MS: All the big laser pieces I named after roller coaster rides. I’ll back up a little bit to being an artist in Miami. Art Basel started coming to town, so it was like the carnival was coming to town. It changed the city and all of its artists because it became this one thing that you would work towards—the big show. This idea of the big show was influential for me in thinking about my work and the idea of spectacle. And that spectacle has taken over the art world to a degree now that every single day there’s probably an art fair happening somewhere. I had a show here in New York that I called ”Sideshow.” I had the idea that it was literally a sideshow—a sideshow freak. Then a year ago I started reading and getting involved with these festivals, and I was attracted to the utopian community ideals around the festival that you’re doing at Merriweather. And the name “gemini” seemed to fit for a few reasons. I named the piece after a roller coaster at Cedar Point, near where I grew up in Cleveland. There’s the zodiac sign Gemini that’s represented by twins, and the coaster is a racer coaster, meaning it has two parts. The whole idea of Gemini itself and astrology and this hippie age that goes along with it fits into the history of Merriweather as a site of old festivals and concerts that happened in the area. So that’s where it came from.
CM: What was it like to spend time in Columbia and how did you decide on the location of your piece?
MS: Yeah, it was great coming to the forest with you guys, but it’s a hard space. I think I was saying that over and over again at first. Pacing back and forth going, “Oh my God!” But then the night that I came back by myself, there was this beautiful deer standing by the spot among all these fireflies, and it was just staring. It felt pretty mystical, and I was into that. For some reason that helped me visualize a form and space and where it would go, and I’ve made enough of these pieces now that I can see it in my mind. And I can tell how the piece will change and mutate depending on where you’re standing.
Ken Farmer: I think the Miami show comes to town and represents this aspirational kind of spectacle in the art world and in our lives. Festivals do become a sort of heightened experience of that for people. But the idea of this journey through place, and experiences and encounters that may be foreign at first but gradually wind their way into a sort of mesmerizing space meditation—this is a place of entry for us.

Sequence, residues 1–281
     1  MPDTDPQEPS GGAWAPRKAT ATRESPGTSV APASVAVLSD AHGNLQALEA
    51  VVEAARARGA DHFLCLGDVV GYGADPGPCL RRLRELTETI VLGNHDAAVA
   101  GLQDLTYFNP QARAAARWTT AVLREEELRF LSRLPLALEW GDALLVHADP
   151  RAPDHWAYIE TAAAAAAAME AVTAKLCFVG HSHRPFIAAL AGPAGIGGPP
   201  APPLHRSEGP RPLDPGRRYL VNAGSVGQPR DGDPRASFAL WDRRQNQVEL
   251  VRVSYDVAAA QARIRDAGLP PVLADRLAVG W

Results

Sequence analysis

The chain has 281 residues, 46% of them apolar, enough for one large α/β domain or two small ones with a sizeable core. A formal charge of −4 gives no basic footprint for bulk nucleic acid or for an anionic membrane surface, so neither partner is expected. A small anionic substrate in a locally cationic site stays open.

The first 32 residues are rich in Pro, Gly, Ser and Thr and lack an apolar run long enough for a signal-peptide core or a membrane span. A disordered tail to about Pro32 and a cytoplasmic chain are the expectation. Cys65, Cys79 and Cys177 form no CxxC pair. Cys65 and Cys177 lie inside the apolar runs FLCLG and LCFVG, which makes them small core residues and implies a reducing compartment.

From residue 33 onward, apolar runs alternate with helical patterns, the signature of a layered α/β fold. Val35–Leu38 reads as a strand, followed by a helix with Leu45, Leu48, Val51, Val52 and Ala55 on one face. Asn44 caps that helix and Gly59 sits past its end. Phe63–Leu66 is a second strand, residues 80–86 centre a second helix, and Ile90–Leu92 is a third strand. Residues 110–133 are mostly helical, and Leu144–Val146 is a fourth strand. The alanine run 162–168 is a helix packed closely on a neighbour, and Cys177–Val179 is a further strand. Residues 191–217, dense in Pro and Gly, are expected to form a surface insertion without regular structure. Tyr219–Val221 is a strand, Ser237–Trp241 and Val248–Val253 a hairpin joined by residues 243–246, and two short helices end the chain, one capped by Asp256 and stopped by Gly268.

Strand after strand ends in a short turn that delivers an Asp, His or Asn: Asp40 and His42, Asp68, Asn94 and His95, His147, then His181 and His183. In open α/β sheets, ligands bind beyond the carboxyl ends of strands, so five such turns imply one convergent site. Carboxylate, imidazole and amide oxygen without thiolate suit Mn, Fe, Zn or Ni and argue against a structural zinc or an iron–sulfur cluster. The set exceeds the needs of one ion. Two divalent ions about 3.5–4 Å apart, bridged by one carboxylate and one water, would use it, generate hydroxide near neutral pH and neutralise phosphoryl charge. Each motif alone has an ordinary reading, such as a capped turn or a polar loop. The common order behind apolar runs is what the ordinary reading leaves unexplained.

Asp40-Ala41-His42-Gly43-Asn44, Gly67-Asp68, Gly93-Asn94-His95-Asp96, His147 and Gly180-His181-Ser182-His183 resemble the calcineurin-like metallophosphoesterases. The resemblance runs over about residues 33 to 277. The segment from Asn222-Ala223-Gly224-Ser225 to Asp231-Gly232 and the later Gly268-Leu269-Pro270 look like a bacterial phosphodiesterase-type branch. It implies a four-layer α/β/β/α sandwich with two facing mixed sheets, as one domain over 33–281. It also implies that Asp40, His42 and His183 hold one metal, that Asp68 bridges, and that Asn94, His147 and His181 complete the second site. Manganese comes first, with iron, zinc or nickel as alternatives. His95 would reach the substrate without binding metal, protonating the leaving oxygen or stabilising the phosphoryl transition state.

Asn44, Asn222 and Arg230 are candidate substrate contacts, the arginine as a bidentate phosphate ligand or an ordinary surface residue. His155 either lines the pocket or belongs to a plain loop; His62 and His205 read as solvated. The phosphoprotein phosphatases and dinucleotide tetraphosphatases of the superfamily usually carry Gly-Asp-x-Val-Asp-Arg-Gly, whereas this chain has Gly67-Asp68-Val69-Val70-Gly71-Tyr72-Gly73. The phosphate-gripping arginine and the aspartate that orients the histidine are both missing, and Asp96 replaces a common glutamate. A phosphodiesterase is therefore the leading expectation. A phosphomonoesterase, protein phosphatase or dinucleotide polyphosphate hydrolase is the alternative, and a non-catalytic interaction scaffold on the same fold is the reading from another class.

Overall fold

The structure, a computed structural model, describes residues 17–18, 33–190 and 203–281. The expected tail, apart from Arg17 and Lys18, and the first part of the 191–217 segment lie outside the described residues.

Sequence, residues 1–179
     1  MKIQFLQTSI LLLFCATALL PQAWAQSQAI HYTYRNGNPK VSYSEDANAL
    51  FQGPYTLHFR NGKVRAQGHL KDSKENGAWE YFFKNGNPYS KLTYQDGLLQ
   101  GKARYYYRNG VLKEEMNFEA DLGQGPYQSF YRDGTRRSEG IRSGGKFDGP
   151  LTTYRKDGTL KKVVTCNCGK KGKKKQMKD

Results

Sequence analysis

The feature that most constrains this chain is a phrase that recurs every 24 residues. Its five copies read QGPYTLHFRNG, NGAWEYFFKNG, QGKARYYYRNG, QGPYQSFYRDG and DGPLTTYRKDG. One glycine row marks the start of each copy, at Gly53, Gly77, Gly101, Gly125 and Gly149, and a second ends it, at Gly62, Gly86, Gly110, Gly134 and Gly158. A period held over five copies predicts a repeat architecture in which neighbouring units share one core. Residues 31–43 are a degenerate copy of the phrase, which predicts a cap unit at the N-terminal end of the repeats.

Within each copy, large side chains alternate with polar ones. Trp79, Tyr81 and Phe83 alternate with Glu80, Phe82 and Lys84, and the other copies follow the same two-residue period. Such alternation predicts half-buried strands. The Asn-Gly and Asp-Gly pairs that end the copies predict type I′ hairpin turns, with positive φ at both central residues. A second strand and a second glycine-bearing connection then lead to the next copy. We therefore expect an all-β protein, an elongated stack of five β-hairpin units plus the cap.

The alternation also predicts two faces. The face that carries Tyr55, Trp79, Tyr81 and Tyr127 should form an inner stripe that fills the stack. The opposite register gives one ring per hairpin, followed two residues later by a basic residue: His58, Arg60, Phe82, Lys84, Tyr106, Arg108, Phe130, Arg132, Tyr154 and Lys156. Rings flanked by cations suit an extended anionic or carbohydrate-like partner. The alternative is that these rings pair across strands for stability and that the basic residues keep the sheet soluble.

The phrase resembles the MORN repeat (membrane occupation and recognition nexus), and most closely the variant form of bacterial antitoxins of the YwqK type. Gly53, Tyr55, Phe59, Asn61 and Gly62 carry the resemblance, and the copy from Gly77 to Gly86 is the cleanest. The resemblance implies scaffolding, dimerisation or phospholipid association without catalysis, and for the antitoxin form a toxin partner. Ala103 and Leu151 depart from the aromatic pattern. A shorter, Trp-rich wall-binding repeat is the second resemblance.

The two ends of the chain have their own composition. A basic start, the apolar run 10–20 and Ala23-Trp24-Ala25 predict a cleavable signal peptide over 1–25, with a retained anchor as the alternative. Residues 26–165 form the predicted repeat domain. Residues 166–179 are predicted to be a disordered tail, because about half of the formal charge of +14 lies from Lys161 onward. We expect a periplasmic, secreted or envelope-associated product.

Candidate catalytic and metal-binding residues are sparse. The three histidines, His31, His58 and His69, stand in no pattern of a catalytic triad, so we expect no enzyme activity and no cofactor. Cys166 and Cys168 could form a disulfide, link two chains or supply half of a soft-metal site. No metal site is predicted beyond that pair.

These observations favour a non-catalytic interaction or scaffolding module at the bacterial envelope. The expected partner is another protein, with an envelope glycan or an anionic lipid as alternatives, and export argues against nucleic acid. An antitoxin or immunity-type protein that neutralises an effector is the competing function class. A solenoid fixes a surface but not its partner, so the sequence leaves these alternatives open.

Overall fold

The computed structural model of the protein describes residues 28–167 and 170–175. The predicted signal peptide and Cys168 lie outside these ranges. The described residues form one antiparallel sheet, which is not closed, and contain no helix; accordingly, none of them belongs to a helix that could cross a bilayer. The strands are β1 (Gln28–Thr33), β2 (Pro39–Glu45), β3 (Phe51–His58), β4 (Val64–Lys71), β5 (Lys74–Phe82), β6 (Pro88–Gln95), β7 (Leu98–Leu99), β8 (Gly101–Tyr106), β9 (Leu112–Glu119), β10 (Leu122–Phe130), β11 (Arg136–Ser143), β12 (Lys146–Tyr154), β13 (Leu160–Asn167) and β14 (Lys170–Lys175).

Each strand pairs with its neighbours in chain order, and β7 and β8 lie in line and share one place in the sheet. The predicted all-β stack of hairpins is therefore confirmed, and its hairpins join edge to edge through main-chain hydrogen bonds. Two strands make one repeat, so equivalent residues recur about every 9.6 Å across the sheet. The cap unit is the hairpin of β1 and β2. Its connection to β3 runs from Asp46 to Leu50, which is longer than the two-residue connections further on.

MS: Yeah. It’s been this year of experimenting with the world of the festival as opposed to the gallery or museum space. In museums, people just take pictures of themselves standing in front of whatever work of art but they’re not present with it. And that’s why I keep thinking about trying to frame the spectacle and make it a perceptual thing so that your body feels like you’re engaged with something that is normally so mediated.
KF: I’m most interested in talking about creating architectural spaces in light, with light, tying back to this cathedral-esque form. We’ve talked a lot about creating an oasis as a place of stillness within the broader festival context and the world we’re living in. Maybe you can touch on that and perhaps tie it back into some of the initial conversations around the media that you’re working in.
MS: I keep going back to this framing idea that lasers and light are immediately a laser light show. In a way it’s the opposite of what I’m doing, because the lasers don’t move and there’s silence. It’s giving you the oasis that you’re talking about and trying to contrast against the hyperactive computer-controlled light that’s out there. What that does is allow you to engage in the material of light itself and the space itself. But simultaneously you’re seeing what would be represented as a laser light show, but paused. And putting it inside the context of a festival is even more extreme. With my work you get to stand inside it, and it feels very real. It’s an odd space to be in; it feels like being between the real and virtual.
CM: Could you speak a little more to your explorations in sacred geometry, the relation of sacred geometry to nature, and how those patterns and principles influence the architectural design of your work?
MS: Yeah. The sacred geometry. I mean my thinking about that really started because light moves in straight lines, so it lends itself to geometry. It also has to do with a lot of the subject matter that comes out of the light and space movement, California and the sixties, the music scene in California in London, etc. Holography started at the same time, in the sixties, and it was growing a lot. The idea of the sacred surrounded a lot of that, and early holography used that type of imagery. So I was reading about and researching that, and kept exploring it for different reasons. Sometimes I take it really seriously and sometimes I’m playing with it in a more humorous way. By using this geometry I’m making a model for space that’s hard to perceive because of the way that we engage with space. And that’s how it’s been used in architecture for such a long time, and it’s just natural when it comes to light. In this piece it’s just based on a triangle. I’m always referring back to architecture, even without trying. It’s impossible not to, because it’s essential to the way light moves through space.